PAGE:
Recorded confidence values were used to generate a contour map which was laid under the classification (Figure 8). Results showed that the catalogue successfully captured the variety of seabed types from the mapped area. There were anomalies where confidence dropped below 50%, indicating that the seabed was in transition between the two classes or there was a new seabed type altogether.

Also plotted were the four calibration training sites. As expected, each occurred in areas of extremely high confidence except for Class 1 where the survey line did not cross the training site.

Figure 8: Results of QTC VIEW seabed classification shown as coloured crosses. The background shows a grey scale contour plot of confidence. The location of the training sites and assigned class are super-imposed as a cross with a coloured border.

A multi-layered plot captured the range of information collected during the survey (Figure 9). The uppermost layer was a contoured bathymetric map. Contours were filled with various shades of grey and the interval was 5 m.

The middle layer was the surficial geology as interpreted from the QTC VIEW classification data. The area was divided into five geological units based on the classification of specific echoes and variability of their distribution. Unit 1 was gravel of varying thickness over bedrock including patchy areas of coarse and medium sand. Unit 2 was medium sand, minor silt and shell hash and patchy concentrations of coarse sand and pebbles. Unit 3 was coarse sand with pebbles. Unit 4 was silt with very minor amounts of fine sand. Unit 5 was highly variable and consisted of a mixture of Units 3 and 4 which comprised silt with sand and pebbles.

The bottom of Figure 9 is a surface relief plot of the bathymetry. The vertical aspect of the plot was exaggerated to enhance the topography. This plot is useful in the evaluation of bathymetric control on the sediment distribution.

Figure 9: Multi-layered plot of the bathymetric contours and surface relief with interpreted surficial geology.


Summary and the Future

The multibeam system worked well during the survey, providing details on the bathymetry to support diving operations for site security clearance before the APEC leaders meeting in Vancouver.

During the survey, seabed classification data were collected, a catalogue was created and contained classes which were acoustically discrete and encompassed the range of seabed types appropriate to the mapping objective. The training data sets were stored and constitute a library of seabed types which can be combined with new calibration sites to form an alternate catalogue depending on the application.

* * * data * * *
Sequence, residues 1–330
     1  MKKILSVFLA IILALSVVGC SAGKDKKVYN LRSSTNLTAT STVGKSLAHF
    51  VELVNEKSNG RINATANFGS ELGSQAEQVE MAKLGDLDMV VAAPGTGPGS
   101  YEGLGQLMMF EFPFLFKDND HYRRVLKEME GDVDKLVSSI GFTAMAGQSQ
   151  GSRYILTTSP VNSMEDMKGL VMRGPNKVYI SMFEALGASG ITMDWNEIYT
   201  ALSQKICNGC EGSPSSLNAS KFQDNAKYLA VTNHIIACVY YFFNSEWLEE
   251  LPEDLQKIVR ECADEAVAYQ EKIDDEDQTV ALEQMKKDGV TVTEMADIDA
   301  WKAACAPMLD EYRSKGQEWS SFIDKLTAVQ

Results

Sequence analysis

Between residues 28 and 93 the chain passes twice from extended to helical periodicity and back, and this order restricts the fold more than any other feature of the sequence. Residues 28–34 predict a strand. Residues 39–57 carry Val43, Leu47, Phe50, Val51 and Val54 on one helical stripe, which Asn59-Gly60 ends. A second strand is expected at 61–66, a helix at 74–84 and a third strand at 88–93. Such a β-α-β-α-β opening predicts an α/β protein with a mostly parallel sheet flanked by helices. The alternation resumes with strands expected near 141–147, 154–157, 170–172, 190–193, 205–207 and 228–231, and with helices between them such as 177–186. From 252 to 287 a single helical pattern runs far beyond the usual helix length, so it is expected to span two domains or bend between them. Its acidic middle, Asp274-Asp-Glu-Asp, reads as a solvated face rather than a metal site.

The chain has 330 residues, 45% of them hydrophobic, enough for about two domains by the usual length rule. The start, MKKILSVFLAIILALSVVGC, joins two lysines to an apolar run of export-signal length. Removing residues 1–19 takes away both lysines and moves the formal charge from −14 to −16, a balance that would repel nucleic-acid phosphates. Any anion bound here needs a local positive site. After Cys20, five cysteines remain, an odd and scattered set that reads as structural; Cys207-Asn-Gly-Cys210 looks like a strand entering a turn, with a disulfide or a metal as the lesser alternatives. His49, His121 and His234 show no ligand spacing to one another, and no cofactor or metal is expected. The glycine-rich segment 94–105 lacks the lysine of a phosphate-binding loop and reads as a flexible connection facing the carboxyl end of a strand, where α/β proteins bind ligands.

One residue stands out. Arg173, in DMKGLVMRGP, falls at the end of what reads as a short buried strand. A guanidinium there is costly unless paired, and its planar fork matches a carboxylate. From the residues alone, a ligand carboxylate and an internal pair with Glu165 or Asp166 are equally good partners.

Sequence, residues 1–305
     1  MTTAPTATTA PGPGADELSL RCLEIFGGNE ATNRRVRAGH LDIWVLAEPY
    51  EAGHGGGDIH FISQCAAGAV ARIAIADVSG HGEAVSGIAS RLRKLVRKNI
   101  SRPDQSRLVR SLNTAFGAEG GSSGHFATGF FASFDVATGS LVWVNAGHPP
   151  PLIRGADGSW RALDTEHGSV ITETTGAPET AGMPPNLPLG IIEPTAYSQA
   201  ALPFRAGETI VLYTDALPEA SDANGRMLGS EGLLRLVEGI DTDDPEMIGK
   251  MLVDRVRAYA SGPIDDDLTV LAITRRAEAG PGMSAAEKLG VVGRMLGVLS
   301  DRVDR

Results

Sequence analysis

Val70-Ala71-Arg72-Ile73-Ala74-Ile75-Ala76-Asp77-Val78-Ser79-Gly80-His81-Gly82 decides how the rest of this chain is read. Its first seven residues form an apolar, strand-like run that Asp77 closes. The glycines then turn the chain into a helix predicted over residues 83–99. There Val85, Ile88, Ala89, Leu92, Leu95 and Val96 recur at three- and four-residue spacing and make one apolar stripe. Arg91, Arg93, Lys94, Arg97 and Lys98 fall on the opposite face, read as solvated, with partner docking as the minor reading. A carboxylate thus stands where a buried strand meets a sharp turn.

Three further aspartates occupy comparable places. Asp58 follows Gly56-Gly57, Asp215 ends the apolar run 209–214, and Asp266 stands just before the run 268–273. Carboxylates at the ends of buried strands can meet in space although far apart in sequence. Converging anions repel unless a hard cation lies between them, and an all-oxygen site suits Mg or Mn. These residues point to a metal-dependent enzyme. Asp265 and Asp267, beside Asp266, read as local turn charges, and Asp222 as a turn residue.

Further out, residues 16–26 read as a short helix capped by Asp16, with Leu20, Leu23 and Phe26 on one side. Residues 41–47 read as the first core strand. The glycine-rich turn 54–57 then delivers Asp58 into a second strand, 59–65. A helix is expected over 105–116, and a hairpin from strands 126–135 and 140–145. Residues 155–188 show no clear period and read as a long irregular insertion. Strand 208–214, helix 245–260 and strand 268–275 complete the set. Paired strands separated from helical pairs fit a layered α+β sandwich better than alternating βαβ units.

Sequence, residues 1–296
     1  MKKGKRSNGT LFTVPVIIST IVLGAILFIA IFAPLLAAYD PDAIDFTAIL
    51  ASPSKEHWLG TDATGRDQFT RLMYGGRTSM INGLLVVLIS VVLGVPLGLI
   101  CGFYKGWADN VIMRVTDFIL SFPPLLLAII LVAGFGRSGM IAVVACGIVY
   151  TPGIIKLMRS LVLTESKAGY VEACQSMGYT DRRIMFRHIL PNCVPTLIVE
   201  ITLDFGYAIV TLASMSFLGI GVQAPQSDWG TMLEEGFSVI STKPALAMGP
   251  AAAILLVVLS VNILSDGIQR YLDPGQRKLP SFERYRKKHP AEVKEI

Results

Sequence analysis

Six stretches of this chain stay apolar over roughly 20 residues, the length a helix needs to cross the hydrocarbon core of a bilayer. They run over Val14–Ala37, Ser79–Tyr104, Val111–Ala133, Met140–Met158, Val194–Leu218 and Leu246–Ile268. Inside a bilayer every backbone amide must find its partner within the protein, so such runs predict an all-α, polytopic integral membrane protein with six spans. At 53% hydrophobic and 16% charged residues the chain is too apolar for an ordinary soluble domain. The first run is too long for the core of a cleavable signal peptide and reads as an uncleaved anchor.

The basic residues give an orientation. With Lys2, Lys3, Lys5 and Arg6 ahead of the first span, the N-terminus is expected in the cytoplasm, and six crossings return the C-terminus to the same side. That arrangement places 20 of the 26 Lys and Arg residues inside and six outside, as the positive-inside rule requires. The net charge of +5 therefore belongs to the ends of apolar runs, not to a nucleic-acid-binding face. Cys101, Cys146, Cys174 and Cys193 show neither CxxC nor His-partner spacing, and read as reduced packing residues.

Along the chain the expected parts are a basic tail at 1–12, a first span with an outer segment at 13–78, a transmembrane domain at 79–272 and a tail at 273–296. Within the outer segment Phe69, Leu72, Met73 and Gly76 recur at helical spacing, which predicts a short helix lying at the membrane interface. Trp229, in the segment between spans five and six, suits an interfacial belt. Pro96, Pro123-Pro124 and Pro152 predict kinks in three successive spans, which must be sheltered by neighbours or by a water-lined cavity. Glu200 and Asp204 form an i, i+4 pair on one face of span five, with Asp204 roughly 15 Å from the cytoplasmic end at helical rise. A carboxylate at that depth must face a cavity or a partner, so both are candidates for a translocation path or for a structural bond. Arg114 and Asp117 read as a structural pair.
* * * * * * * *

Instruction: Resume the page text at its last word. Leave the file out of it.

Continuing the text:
The collection of seabed classification data alongside the multibeam data provided value-added information to the survey results. The seabed catalogue compiled for use in the harbour captured the range of seabed types and can now be used for future survey work.

Seabed classification using multibeam sounders is a topic of research at Quester Tangent and the Canadian Hydrographic Service. Quester Tangent has successfully post-processed Simrad multibeam echo sounder data for the U. S. Naval Oceanographic Office and integrated a QTC VIEW with a Reson Seabat for real-time classification capability. In both instances vertical or near-vertical beams are involved. The challenge for the future is to develop the capability to classify echoes at non-normal angles in real-time.



Mr. Bill Collins is product manager for seabed classification at Quester Tangent. He has a MSc. in Earth Sciences and has been working as a Marine Geologist since 1981. Bill has extensive

experience in mapping seabeds for a variety of applications ranging from sediment stability for oil production platforms on the Grand Banks to coastal development in the South Pacific. Bill has been responsible for the development of seabed classification applications at Quester Tangent for the past two years and has published widely on the subject.

Mr. James L. Galloway completed MASc. in Electrical Engineering and Oceanography and joined the Department of Fisheries and Oceans in 1974. As head of the Sonar Systems Group at the Institute of Ocean Sciences, he has worked to solve sonar and other acoustical problems in hydrography and fisheries research. Currently his interests are in application of multibeam technology to hydrographic surveying, fisheries stock assessment and seabed classification.